Natural history of spheno-orbital meningiomas

Peerooz Saeed*, Wouter R. van Furth, Michael W Tanck, Fabio Kooremans, Nicole Freling, Geert I. Streekstra, Noortje I. Regensburg, Jan Willem Berkelbach van der Sprenkel, Saskia M. Peerdeman, Jakobus J. van Overbeeke, Maarten P. Mourits

*Corresponding author for this work

Research output: Contribution to journalArticleAcademicpeer-review


To investigate the natural history and the growth rate of spheno-orbital meningiomas (SOMs). Ninety patients with a diagnosis of SOM were included, and patient charts and imaging were evaluated. In a subset of 32 patients, volumetric studies were performed. The median follow-up for the entire group was 4 years (range, 1-15); the mean age was 47.8 (range, 26-93) years; 94% of the patients were female. The most common clinical signs and symptoms were proptosis (93%), visual deterioration (65%), retro-bulbar pain (23%) and diplopia (6%). In 35% of patients in this series, no visual deterioration occurred, and in 30% only mild proptosis was present. The median annual growth rate of the SOMs in the subset of 32 patients was 0.3 cm(3)/year (range, 0.03-1.8 cm(3)/year). We assessed a trend for more rapid tumour growth in younger patients and found the initial volume of the tumour (rho = 0.63) and of the soft tissue component (rho = 074) to be significantly related to the growth rate. SOMs are slow-growing tumours that cause primarily proptosis and visual deterioration. In a significant number of patients, these tumours cause minimal discomfort and symptomatology. Therefore, in the absence of risk factors, we advocate a "wait and see" policy. For patients with large SOMs or with a large soft tissue component at first visit or with fast growing SOMs (> 1cm(3)/year), a follow-up examination every 6 months is indicated.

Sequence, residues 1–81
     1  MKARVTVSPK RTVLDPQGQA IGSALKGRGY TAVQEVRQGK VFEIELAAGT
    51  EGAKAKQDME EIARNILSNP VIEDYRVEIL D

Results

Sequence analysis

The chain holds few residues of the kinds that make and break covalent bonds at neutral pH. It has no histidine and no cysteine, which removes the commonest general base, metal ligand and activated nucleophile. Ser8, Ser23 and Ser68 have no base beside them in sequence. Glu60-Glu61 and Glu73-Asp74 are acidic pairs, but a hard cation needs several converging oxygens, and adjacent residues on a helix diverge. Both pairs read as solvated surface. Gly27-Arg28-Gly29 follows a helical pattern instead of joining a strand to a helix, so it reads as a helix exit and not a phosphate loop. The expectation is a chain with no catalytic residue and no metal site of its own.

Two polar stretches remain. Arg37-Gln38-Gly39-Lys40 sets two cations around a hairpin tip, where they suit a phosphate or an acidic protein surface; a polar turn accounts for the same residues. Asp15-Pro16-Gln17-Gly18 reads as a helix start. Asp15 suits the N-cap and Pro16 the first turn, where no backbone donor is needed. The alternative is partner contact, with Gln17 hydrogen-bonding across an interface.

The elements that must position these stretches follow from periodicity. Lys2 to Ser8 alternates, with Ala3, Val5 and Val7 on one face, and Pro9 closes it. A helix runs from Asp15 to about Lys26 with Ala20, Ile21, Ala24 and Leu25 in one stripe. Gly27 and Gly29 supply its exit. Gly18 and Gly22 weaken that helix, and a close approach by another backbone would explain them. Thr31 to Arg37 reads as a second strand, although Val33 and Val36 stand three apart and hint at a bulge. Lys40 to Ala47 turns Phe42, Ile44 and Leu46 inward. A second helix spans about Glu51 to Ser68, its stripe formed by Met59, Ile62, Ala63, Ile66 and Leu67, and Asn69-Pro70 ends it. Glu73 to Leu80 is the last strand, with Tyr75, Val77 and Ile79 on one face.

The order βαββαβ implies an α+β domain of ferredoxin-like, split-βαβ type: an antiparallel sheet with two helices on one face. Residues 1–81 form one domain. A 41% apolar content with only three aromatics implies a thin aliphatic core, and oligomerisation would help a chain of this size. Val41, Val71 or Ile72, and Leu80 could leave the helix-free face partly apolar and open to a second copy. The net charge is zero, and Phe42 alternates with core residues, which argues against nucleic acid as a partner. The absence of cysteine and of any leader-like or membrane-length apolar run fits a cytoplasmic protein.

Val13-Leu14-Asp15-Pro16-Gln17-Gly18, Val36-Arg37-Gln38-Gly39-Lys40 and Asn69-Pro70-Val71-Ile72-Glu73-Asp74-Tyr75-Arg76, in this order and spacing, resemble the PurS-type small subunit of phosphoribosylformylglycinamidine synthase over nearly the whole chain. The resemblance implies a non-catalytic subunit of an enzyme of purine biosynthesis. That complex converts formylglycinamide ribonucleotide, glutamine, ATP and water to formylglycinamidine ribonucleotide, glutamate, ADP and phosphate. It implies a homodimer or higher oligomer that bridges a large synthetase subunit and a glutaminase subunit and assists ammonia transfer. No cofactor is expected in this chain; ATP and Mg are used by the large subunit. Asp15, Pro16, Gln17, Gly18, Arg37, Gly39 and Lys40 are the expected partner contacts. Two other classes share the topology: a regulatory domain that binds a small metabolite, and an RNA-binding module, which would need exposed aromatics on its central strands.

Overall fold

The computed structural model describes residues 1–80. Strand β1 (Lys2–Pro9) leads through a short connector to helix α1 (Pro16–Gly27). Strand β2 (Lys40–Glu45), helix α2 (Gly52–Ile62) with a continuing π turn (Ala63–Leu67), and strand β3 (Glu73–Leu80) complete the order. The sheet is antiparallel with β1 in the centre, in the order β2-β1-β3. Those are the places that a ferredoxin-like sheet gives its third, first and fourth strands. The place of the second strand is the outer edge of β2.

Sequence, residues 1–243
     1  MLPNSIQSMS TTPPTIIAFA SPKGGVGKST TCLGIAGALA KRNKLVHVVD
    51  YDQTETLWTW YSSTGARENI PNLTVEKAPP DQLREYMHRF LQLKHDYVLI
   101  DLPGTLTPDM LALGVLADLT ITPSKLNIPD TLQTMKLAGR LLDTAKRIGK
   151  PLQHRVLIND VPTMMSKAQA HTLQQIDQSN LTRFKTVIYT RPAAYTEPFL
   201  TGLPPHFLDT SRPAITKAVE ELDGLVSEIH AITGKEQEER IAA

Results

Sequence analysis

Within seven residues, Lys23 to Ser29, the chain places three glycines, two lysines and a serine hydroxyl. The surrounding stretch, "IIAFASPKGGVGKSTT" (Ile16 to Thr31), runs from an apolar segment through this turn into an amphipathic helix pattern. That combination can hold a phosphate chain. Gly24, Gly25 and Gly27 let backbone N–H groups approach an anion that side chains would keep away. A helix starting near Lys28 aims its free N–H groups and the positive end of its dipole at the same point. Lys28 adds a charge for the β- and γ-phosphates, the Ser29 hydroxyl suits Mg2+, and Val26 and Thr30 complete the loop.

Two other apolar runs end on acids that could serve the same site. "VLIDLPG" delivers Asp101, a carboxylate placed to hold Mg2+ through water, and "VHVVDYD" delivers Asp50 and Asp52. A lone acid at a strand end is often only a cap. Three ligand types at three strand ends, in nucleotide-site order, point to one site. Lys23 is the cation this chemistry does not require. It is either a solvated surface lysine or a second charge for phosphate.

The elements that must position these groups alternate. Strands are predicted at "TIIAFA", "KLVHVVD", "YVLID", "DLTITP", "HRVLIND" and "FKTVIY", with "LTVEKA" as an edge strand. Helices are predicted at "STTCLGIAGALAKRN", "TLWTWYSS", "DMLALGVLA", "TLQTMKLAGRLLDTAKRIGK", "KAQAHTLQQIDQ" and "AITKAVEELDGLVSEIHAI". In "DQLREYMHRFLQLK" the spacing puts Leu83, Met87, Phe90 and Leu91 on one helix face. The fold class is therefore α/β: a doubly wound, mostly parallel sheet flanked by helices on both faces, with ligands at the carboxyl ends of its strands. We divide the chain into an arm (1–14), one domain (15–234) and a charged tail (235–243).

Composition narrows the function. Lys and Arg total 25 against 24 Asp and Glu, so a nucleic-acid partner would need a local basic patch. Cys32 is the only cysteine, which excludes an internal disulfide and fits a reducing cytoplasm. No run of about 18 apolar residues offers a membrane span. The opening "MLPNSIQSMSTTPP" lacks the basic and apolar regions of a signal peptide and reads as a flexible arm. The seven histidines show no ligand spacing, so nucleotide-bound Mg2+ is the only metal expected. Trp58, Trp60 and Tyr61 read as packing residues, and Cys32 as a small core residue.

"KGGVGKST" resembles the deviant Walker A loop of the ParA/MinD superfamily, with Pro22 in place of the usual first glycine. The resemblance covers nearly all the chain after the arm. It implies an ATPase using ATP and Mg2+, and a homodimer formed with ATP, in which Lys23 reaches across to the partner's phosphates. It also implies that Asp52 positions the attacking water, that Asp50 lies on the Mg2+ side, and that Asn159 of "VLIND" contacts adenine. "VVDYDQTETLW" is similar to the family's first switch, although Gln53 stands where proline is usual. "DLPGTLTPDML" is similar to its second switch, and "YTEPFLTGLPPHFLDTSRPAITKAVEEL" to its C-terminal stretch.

Original languageEnglish
Pages (from-to)395-402
JournalActa Neurochirurgica
Issue number2
Publication statusPublished - Feb 2011


  • Spheno-orbital meningiomas
  • Orbital meningiomas
  • Natural history
  • Volumetry
  • Imaging
  • Orbitaltumors

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